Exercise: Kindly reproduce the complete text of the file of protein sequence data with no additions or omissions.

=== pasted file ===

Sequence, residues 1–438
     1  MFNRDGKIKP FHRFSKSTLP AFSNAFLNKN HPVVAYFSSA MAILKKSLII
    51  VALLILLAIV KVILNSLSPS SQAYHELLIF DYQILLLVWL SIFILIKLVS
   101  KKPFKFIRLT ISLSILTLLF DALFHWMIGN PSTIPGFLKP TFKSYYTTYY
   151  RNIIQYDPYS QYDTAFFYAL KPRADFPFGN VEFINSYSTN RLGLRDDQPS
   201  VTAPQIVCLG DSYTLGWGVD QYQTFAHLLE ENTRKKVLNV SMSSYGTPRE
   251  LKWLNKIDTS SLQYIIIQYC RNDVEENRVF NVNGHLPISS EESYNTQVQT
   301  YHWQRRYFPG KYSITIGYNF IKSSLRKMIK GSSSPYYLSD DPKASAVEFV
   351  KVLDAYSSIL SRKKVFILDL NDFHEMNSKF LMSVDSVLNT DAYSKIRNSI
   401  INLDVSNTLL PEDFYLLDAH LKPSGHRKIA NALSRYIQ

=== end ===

Sequence, residues 1–438
     1  MFNRDGKIKP FHRFSKSTLP AFSNAFLNKN HPVVAYFSSA MAILKKSLII
    51  VALLILLAIV KVILNSLSPS SQAYHELLIF DYQILLLVWL SIFILIKLVS
   101  KKPFKFIRLT ISLSILTLLF DALFHWMIGN PSTIPGFLKP TFKSYYTTYY
   151  RNIIQYDPYS QYDTAFFYAL KPRADFPFGN VEFINSYSTN RLGLRDDQPS
   201  VTAPQIVCLG DSYTLGWGVD QYQTFAHLLE ENTRKKVLNV SMSSYGTPRE
   251  LKWLNKIDTS SLQYIIIQYC RNDVEENRVF NVNGHLPISS EESYNTQVQT
   301  YHWQRRYFPG KYSITIGYNF IKSSLRKMIK GSSSPYYLSD DPKASAVEFV
   351  KVLDAYSSIL SRKKVFILDL NDFHEMNSKF LMSVDSVLNT DAYSKIRNSI
   401  INLDVSNTLL PEDFYLLDAH LKPSGHRKIA NALSRYIQ